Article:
Have you ever thought, this would be a great place to work if we didn’t have any employees? Truthfully, it has crossed my mind on a few occasions over the years. How can any leader have such thoughts about our most valuable assets? The answer is simple, we shouldn’t. John Maxwell states “a leader is one who knows the way; goes the way; and shows the way.” Effective leaders will model the expected behaviors through actions, not words, leading to the concept of “shut up and lead.”

During the early 1990’s, Zenger-Miller published The Basic Principles for Success. Since then, I have adapted these principles as the foundation for professional relationships and the paradigm for expected organizational behavior. The principles are truly basic in concept but often difficult to achieve. They require faithful modeling from the highest level within the organization for success.

Principle 1: Focus on the work process, issue, or behavior, NOT the person. It’s human nature to make things personal in the workplace but this automatically brings emotion into the equation. Principle 1 will drive an objective approach allowing for better problem solving and decision making. My observation is that Principle 1 is more difficult in closely-held and family businesses however the results are often more powerful when practiced consistently.

Principle 2: Maintain the self-confidence and self-esteem of others. Leave sarcasm at the door! It is the greatest form of aggression in the workplace and highly demotivating. Contributing fully and risk taking is easier in a climate of trust and acceptance.

Principle 3: Maintain strong partnerships with your internal and external customers. Everyone knows how they want to be treated as a customer. Think about the potential if every employee within the organization was a customer of each other. How about other strategic partnerships and connections? The possibilities are endless for constructive and effective relationships.

Principle 4: Take the initiative to improve work processes and partnerships. Don’t only take the initiative, encourage others to do the same. Acknowledge and respond to all initiatives so your employees know that you welcome ideas and feedback.

Principle 5: Hold yourself and others accountable for commitments. Make sure there are identified positive and constructive consequences and be consistent in all interactions.

Principle 6: Lead by example. Employees want you to “know,” “go,” and “show” the way through your actions, not words. Leaders have much to gain when they can model the needed actions and attitudes to deal with the demands of business and relationships.

Effective leaders strive to practice The Basic Principles in their daily interactions. I have found that adhering to these principles will allow you to “shut up and lead” more confidently and with greater optimism to achieve your desired results.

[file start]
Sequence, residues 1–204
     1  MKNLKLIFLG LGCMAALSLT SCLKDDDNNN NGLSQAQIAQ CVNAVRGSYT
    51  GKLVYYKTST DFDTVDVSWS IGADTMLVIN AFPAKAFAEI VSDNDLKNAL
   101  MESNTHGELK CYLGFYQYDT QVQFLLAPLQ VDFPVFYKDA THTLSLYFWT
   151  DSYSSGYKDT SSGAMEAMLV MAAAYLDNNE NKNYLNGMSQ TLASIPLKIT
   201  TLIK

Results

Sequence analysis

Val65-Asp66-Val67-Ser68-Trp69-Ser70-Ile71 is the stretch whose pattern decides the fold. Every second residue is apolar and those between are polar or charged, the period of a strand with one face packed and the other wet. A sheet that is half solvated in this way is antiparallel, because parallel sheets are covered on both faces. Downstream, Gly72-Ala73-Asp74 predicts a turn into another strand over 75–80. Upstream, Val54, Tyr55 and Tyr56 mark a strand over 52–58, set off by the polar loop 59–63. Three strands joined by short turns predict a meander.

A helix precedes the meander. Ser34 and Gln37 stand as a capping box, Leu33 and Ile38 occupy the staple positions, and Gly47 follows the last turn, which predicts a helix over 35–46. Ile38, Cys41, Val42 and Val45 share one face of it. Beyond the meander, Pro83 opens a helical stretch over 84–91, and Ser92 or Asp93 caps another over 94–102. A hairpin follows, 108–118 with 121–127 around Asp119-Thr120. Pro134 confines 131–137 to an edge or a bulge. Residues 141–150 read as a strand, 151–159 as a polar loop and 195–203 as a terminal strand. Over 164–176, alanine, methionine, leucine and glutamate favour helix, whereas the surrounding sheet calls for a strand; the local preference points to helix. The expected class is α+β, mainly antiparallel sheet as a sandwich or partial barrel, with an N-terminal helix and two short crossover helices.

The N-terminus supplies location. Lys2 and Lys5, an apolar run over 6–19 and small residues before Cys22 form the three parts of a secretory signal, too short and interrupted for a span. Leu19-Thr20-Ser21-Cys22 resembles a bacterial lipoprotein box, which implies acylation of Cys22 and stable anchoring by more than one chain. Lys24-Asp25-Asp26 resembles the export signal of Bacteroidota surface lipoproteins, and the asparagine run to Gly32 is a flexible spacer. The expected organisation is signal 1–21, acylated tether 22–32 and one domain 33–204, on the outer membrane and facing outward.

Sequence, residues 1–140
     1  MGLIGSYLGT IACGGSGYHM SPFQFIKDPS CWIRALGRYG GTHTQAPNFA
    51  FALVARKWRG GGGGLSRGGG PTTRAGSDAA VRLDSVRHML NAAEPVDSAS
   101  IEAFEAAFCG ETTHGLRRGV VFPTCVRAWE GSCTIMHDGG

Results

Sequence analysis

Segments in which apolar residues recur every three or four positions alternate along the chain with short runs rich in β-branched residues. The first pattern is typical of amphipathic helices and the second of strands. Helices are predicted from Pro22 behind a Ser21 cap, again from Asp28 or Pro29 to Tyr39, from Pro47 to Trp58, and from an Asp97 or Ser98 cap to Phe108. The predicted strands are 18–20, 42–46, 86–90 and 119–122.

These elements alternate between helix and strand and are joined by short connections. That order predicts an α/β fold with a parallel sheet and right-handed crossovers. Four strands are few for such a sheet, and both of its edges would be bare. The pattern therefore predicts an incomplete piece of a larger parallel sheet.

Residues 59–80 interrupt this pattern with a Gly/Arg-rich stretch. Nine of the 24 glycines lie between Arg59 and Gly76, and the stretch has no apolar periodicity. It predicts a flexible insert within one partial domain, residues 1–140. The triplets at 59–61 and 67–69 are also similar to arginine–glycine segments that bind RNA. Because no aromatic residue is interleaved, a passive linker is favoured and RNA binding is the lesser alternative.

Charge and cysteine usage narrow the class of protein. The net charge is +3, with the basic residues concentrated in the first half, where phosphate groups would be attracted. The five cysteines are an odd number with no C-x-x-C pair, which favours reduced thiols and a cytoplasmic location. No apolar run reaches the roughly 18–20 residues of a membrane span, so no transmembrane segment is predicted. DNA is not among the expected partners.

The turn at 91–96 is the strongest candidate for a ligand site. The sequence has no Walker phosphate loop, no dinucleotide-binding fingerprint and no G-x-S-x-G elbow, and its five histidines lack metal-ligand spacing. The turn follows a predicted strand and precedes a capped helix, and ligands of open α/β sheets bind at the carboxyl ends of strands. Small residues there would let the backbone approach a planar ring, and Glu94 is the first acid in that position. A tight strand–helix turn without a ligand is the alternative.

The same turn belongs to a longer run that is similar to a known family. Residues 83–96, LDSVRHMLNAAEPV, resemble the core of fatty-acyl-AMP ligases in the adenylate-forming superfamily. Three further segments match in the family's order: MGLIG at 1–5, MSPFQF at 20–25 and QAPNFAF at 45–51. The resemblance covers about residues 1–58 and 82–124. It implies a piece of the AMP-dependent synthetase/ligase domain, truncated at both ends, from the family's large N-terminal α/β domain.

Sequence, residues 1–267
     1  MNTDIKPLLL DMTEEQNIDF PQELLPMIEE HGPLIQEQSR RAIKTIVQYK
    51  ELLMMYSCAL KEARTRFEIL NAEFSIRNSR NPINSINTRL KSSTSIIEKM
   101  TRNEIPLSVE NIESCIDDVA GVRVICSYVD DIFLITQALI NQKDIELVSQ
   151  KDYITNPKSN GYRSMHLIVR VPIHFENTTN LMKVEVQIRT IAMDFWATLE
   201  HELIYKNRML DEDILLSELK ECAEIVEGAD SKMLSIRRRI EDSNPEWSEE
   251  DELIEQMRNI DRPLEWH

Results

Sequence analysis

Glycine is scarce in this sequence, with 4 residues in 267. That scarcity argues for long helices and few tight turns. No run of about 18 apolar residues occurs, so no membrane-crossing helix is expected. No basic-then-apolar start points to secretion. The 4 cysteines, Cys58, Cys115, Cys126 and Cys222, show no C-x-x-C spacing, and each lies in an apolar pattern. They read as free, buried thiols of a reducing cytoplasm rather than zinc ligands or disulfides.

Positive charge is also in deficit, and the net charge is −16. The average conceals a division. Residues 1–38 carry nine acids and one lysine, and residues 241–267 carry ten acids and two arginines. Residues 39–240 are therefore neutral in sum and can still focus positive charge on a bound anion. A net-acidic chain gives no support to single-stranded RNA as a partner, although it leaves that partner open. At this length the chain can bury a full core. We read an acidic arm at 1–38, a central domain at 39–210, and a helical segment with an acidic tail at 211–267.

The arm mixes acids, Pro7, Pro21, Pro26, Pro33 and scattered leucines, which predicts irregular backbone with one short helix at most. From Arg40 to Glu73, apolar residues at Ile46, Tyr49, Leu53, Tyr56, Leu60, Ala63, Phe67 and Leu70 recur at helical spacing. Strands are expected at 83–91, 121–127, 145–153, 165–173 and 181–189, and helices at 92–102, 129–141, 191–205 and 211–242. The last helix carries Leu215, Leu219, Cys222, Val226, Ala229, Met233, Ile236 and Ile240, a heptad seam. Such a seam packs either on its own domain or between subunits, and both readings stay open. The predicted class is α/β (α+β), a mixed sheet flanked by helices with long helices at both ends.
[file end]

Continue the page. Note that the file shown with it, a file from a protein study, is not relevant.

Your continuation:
If you are interested in implementing these principles to create an atmosphere of trust, cooperation, and positive action, contact Trilogy’s Alliance Partner Bill Ehrhardt at (609) 688-0428 or at behrhardt@gettrilogypartners.com.

Driving Accountability in Your Business

by Rip Tilden on May 01, 2017 12:05:56 PM

One of the most common concerns raised by business leaders is the desire to strengthen accountability in their organization.  When Trilogy Partners examines this concern with them, we often discover that each business owner has his or her own definition of accountability, and they all have very different views on what accountability looks like.  Let’s take a closer look at what the term means and the leadership behaviors you can focus on to strengthen accountability.

We define accountability as accepting responsibility; disclosing results in a transparent manner; being candid about your actions and the actions of others.  We recognize that defining the term is much easier than bringing it to life inside an organization.  The place to start is to look in the mirror.  Are you creating a team environment where accountability will flourish?

Patrick Lencioni, author of The Advantage, has defined four disciplines to help build healthy teams.  We turned these into four key questions that you should ask yourself as you examine the level of accountability in your organization.  If you can say “YES” to each, you will be driving accountability:

1. Have you built a cohesive leadership team?

To create an environment inside your company that will foster accountability, you must start at the top – by assembling a healthy leadership team.  That is, a team with a high level of trust and mutual respect, a team that lives by a set a well-defined core values and that is comfortable with healthy conflict.  A team with those qualities is passionate about addressing the truly tough issues facing the business and resolving them.  Team members believe in using data to drive their decisions, and they focus on team results more than individual accomplishments.

2. Are you creating clarity?

Have you answered these questions with your leadership team?

  • Why does our company exist?
  • How should we behave with each other, our customers and our vendors?
  • What is our core focus?
  • What does good performance look like? How will we succeed?
  • What is most important to do, right now?
  • Who must do what?

3. Are you overcommunicating clarity?

About the time you feel your answers to those questions have been well communicated, your team is just beginning to hear you.  It is essential that you define consistent answers to those questions and that you never stop asking and answering them.  In Lencioni’s words, you must be your own “Chief Reminding Officer”.

4. Are you reinforcing clarity?

You will reinforce your clear messages if you recruit, hire, orient, evaluate, compensate and reward your team members around the core values you have defined, and constantly discuss the answers to the questions listed above.